Portrait of Thomas Midgley, Jr. (1889-1944), an American engineer and chemist who discovered the effectiveness of tetraethyl lead as an antiknock additive for gasoline.
Thomas Midgley, Jr. was born on May 18, 1889 in Beaver Falls, Pennsylvania and grew up in Columbus, Ohio. He attended Cornell University, where he received a Master's of Engineering in 1908 and a PhD in mechanical engineering in 1911. After graduating from Cornell, Midgley went to work for Dr. Charles F. Kettering at the Dayton Engineering Lab (DELCo) in Ohio, where he was assigned to research why kerosene-fueled engines developed a knocking sound. Midgley subsequently identified ethyl iodide as an antiknock agent and, based on this research, became a pioneer in the study of internal combustion. In 1930, Midgley also researched safer alternatives to common refrigerant chemicals including ammonia, methyl chloride, and sulfur dioxide and ultimately identified dichlorodifluoromethane, or Freon-12, as an odour-free, nontoxic, and nonflammable refrigerant gas that could be used in residential refrigerators and air conditioners. Over the course of his career, Midgley was presented with several awards, including the Nichols Medal (1923), the Longstreth Medal (1925), the Perkin Medal (1937), the Priestley Medal (1941), and the Willard Gibbs Medal (1942), as well as elected president of the American Chemical Society and named as an American delegate to the International Congress of Applied Chemistry. Thomas Midgley, Jr. died on November 2, 1944 in Worthington, Ohio.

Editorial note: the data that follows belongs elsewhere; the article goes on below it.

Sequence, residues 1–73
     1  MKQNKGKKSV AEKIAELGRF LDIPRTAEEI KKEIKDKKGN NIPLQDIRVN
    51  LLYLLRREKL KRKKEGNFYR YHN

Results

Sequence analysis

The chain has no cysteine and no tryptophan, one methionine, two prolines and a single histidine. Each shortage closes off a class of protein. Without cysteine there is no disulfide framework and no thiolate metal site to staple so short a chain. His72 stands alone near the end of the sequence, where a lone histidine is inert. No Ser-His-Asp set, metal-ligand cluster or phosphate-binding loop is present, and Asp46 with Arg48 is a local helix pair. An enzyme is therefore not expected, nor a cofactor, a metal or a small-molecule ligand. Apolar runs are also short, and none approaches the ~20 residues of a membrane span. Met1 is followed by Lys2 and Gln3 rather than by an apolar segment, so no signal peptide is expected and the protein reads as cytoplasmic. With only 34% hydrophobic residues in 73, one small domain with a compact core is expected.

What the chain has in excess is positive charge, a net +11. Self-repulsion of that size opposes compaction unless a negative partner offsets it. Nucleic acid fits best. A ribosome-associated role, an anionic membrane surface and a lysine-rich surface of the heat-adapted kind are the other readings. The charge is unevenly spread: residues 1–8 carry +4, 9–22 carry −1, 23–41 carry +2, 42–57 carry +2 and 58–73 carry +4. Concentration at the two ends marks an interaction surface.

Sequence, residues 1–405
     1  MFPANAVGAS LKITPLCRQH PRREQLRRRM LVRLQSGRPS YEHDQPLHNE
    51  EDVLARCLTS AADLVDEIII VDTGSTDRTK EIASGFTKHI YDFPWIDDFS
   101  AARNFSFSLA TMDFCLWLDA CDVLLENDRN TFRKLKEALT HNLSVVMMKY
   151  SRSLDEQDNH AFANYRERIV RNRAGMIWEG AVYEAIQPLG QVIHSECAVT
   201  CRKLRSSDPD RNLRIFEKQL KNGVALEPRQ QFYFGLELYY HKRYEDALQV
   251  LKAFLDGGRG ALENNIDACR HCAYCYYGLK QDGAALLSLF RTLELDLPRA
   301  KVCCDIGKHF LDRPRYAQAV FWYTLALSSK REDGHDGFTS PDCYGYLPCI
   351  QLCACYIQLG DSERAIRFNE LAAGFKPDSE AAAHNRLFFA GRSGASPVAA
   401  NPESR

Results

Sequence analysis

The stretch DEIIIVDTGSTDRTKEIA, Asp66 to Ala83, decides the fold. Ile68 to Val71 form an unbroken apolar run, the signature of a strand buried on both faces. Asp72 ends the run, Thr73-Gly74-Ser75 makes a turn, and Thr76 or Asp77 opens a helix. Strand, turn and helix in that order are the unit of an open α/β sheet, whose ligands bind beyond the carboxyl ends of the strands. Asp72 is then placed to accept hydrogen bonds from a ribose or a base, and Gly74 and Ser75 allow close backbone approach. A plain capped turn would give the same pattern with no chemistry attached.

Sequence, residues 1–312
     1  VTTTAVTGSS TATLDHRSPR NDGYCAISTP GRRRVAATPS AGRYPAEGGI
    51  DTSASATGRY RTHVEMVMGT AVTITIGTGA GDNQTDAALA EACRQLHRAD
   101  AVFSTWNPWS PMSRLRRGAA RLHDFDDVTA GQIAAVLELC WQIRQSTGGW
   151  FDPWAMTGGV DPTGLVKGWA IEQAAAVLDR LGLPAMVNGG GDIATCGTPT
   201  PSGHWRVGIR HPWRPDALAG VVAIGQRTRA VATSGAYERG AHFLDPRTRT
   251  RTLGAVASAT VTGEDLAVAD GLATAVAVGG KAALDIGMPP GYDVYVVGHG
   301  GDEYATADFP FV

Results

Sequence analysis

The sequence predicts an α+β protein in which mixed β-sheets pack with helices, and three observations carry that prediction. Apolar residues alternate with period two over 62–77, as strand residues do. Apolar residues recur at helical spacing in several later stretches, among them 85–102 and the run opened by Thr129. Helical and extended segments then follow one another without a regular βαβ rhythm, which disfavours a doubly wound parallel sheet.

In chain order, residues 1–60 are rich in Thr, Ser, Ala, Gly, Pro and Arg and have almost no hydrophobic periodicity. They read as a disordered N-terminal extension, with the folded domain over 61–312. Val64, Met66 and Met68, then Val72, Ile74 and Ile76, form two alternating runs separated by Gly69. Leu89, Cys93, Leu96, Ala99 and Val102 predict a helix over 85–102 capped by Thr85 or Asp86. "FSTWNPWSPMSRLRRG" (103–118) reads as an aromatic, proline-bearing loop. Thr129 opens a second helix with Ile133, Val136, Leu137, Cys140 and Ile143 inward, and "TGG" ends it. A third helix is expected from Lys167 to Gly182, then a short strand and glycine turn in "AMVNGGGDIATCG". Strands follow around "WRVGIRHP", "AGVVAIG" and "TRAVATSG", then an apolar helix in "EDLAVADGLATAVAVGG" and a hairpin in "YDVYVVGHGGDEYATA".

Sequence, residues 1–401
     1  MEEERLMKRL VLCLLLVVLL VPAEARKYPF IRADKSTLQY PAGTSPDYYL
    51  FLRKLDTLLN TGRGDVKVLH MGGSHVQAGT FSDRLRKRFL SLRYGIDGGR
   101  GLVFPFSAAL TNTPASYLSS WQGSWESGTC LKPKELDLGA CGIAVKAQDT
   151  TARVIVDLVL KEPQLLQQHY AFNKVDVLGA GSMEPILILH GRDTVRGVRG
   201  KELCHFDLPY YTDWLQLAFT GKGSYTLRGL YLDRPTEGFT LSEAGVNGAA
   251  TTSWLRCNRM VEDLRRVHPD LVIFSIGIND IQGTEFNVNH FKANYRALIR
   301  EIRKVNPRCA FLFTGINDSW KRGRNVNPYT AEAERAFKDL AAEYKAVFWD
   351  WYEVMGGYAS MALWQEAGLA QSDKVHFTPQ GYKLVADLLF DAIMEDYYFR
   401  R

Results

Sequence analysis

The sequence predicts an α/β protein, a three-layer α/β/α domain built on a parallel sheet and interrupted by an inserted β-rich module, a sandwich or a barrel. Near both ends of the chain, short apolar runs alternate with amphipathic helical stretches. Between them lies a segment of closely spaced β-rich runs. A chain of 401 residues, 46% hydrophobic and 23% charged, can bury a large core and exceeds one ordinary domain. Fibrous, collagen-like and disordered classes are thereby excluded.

“Portrait of Thomas Midgley, Jr. (1889-1944).” Blank & Stoller N.Y., 1930–1939. Williams Haynes Portrait Collection, Box 10. Science History Institute. Philadelphia. https://digital.sciencehistory.org/works/9s161624t.
This citation is automatically generated and may contain errors.